Skeleton of the prehistoric mammal Megaconus. Zhou, Chang-Fu; Wu, Shaoyuan; Martin, Thomas; Luo, Zhe-Xi (2013). “A Jurassic mammaliaform and the earliest mammalian evolutionary adaptations”. Nature, volume 500, issue 7461 (August 7, 2013). Page 164.

Third, where does Cifelliodon fit on the mammal tree? When it was described in 2018, Cifelliodon was classified as belonging to a group of mammals called “haramiyids”, whose members were previously known only from Morocco. However in 2020, it was re-described as a basal member of the prehistoric mammal group Allotheria. The allotherians first appeared during the middle of the Jurassic Period around 167 million years ago, they survived the Cretaceous extinction, and they persisted until the late Eocene Epoch of the Tertiary Period around 33 million years ago. The clade Allotheria is divided into several sub-clades including Haramiyida, Gondwanatheria, Multituberculata, Triconodonta, and Volaticotheria. Because Cifelliodon was described as a basal member of Allotheria, it didn’t fit into any of that clade’s sub-groups.

Due to the animal’s size and the fact that it lived in a savannah like habitat, one may be tempted to make comparisons of Cifelliodon to modern-day prairie dogs. In fact, due to comparisons which have been made between prehistoric Utah and the modern-day African savannah, it’s probably more appropriate to equate Cifelliodon with modern-day African ground squirrels. However, both of these species are social animals which live in communities. Is there any evidence that Cifelliodon did the same? The short answer is “No”. So far, preserved prehistoric burrows have not been found within the rock layers of the upper Yellow Cat Member. Furthermore, you’d think that we would find multiple skeletons of Cifelliodon if it was a social animal which lived in groups. However, keep in mind that modern-day prairie dogs and ground squirrels usually live in dry areas, and most of the fossils which were recovered from the Cedar Mountain Formation were found in riverine or lake deposits. Burrowing animals like these tend to not dig their burrows in areas where there’s a high water table due to the possibility of flooding. This means that, if Cifelliodon really was a prehistoric analog of a prairie dog, then it likely lived in drier areas where fossilization was unlikely to occur. So, for the time being, I think it’s best to think of Cifelliodon as a solitary animal until proven otherwise.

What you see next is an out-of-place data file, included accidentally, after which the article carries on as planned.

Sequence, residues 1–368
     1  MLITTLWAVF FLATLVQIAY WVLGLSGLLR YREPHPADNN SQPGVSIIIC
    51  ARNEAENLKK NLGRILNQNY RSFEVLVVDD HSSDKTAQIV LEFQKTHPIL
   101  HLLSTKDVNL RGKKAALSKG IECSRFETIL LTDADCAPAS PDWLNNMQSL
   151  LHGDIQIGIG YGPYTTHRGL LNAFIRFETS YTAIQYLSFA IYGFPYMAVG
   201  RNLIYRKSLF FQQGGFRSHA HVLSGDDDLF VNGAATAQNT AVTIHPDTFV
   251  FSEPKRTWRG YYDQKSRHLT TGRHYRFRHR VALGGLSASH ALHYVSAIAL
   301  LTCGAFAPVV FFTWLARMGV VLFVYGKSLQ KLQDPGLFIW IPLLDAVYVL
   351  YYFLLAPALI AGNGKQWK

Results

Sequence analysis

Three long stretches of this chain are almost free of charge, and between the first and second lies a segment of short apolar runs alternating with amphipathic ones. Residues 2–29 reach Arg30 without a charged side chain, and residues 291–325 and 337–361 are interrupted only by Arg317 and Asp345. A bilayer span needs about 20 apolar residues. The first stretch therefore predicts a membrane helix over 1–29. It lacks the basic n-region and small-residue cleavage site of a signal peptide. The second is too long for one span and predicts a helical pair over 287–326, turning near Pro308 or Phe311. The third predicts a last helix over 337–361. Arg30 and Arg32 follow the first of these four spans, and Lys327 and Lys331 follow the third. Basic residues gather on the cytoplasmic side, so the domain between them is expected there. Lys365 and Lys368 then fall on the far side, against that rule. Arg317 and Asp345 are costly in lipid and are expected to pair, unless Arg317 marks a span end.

Below is a reconstruction which I made of Cifelliodon. The body is based upon that of the related allotherian mammal Megaconus from the middle Jurassic Period of China. The resulting image, although unintentional, ended up looking similar to a modern-day Australian marsupial called a numbat. The drawing was made with No.2 pencil and Prismacolor colored pencils on printer paper.

Cifelliodon. © Jason R. Abdale (April 6, 2023).


Huttenlocker, Adam K.; Grossnickle, David M.; Kirkland, James I.; Schultz, Julia A.; Luo, Zhe-Xi (2018). “Late-surviving stem mammal links the lowermost Cretaceous of North America and Gondwana”. Nature, volume 558, issue 7708 (June 7, 2018). Pages 108-112.

Krause, David W.; Hoffmann, Simone; Hu, Yaoming; Wible, John R.; Rougier, Guillermo W.; Kirk, E. Christopher; Groenke, Joseph R.; Rogers, Raymond R.; Rossie, James B.; Schultz, Julia A.; Evans, Alistair R.; Koenigswald, Wighart von; Rahantarisoa, Lydia J. (2020). “Skeleton of a Cretaceous mammal from Madagascar reflects long-term insularity”. Nature, volume 581, issue 7809 (April 29, 2020). Pages 421-427.